Fathom Five National Marine Park of Canada
Fathom Five offers some of the best freshwater diving opportunities in the world. Clear, clean water, submerged geological formations (cliffs, caves, overhangs) and more than 20 historical shipwrecks offer a variety of underwater experiences. Everyone, from the novice snorkeller to the most advanced diving enthusiast, can find lots to explore and enjoy within the park.
All divers planning to dive in Fathom Five, need to first obtain their dive tag by registering at the Park Visitor Centre . For more information on diver registration, click here
Rules, Regulations, and Diving Safety Recommendations
Map of Bruce Peninsula National Park and Fathom Five National Marine Park
Lone diver © Parks Canada
For more information on individual dive sites, click on map numbers or consult text equivalent below.
Dive Sites © Parks Canada
#6. CASCADEN - schooner
built: Southampton, Ontario, 1866
depth: maximum 6 metres (20 feet)
This vessel was wrecked in October, 1871. The wreckage is badly broken up and spread over a large area.
#7. CHINA - schooner
built: Port Robinson, Ontario, 1863
length: 41.8 metres (137 feet)
depth: maximum 3 metres (10 feet)
Wrecked on China Reef in November, 1883. The wreckage is badly broken with the main portion being close to shore.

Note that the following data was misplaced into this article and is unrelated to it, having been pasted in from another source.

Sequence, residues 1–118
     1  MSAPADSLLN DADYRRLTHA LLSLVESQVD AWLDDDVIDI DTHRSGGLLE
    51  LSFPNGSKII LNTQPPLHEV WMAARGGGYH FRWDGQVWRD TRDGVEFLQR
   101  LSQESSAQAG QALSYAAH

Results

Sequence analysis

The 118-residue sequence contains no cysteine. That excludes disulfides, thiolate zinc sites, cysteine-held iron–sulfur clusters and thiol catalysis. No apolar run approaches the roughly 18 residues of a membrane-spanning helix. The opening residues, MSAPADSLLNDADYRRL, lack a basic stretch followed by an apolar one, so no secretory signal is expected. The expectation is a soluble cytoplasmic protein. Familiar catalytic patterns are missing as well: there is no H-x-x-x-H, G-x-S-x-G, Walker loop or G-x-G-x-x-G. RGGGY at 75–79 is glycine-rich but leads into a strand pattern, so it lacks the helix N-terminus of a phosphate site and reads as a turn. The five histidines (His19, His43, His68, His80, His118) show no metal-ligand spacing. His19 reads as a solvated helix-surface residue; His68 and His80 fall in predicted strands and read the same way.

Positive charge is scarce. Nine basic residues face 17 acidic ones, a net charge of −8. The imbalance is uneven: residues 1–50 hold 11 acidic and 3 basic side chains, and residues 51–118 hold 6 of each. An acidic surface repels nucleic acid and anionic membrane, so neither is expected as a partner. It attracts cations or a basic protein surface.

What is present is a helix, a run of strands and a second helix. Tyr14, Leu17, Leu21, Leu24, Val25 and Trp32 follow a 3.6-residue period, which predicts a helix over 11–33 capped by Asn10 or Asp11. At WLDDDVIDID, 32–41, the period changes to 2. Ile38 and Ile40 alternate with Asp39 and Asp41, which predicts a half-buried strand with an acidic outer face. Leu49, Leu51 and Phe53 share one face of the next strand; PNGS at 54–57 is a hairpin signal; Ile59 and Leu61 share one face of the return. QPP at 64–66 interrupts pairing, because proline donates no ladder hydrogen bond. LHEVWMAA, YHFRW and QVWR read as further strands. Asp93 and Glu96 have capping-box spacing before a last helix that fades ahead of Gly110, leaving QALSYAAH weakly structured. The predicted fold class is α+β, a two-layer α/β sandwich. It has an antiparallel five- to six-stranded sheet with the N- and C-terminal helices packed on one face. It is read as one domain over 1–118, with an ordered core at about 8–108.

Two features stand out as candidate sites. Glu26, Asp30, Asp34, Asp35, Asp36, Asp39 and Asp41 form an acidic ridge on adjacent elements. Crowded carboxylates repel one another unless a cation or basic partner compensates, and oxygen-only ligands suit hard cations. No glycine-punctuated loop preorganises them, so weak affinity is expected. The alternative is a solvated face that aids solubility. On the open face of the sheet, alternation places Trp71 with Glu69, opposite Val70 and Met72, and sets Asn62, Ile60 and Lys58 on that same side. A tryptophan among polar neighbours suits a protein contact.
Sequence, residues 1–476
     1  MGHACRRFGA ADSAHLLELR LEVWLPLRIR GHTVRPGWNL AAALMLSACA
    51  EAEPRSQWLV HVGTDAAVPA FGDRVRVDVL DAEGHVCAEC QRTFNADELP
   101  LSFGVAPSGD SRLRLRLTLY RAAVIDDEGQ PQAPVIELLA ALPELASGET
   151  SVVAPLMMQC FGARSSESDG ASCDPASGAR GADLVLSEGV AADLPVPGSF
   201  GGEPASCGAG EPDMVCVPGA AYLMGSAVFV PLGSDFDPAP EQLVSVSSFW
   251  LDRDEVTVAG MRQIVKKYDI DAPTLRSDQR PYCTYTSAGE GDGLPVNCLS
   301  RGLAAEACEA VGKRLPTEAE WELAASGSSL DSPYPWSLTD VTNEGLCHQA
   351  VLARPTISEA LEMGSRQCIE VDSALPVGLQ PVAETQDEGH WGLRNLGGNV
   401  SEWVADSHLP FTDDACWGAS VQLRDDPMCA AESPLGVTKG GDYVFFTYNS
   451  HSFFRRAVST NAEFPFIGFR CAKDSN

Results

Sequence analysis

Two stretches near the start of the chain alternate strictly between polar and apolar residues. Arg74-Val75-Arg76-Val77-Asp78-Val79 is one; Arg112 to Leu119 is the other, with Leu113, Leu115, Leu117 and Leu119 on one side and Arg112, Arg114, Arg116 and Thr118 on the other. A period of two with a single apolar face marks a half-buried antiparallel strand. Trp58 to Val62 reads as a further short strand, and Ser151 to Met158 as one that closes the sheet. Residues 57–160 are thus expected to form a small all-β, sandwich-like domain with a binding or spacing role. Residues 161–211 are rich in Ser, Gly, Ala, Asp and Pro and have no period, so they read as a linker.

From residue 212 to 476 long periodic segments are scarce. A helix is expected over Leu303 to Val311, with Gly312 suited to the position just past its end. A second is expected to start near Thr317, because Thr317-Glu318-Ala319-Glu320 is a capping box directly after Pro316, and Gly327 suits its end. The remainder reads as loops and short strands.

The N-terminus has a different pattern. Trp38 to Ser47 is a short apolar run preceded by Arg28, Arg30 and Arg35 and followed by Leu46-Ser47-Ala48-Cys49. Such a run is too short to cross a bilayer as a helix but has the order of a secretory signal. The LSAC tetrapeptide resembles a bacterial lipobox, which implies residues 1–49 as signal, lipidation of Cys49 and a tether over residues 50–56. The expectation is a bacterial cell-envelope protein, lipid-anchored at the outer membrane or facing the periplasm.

John Walters © Parks Canada
#8. JOHN WALTERS - schooner
built: Kingston, Ontario, 1852
length: 32.9 metres (108 feet)
depth: 5 metres (15 feet)
Wrecked circa 1899, limited wreckage remaining. Items of note: heavy keelson and centreboard box, glacial scours and small fish. Suitable for novice divers and snorkelers.
Wetmore propeller © Parks Canada
#9.W.L.WETMORE - steamer
built: Cleveland, Ohio, 1871
Length: 65.1 metres (213.7 feet)
depth: maximum 10 metres (30 feet)
Wrecked during a storm, November, 1901. In addition to the large amount of timber wreckage on site, look for the impressive boiler, anchor chain and rudder. Also note interesting bedrock features. This dive is suitable for divers of all levels of diving experience and snorkelers.
#10 JAMES C. KING - schooner/barge
built: East Saginaw, Michigan, 1867
length: 53.4 metres (175 feet, 3 inches)
depth: 7 to 30 metres (25 to 95 feet)
The KING was wrecked while under tow by the WETMORE in November, 1901. The second barge on tow, the BRUNETTE, was later salvaged. This site is good for advanced levels of experience. It is not recommended for novices or trainees.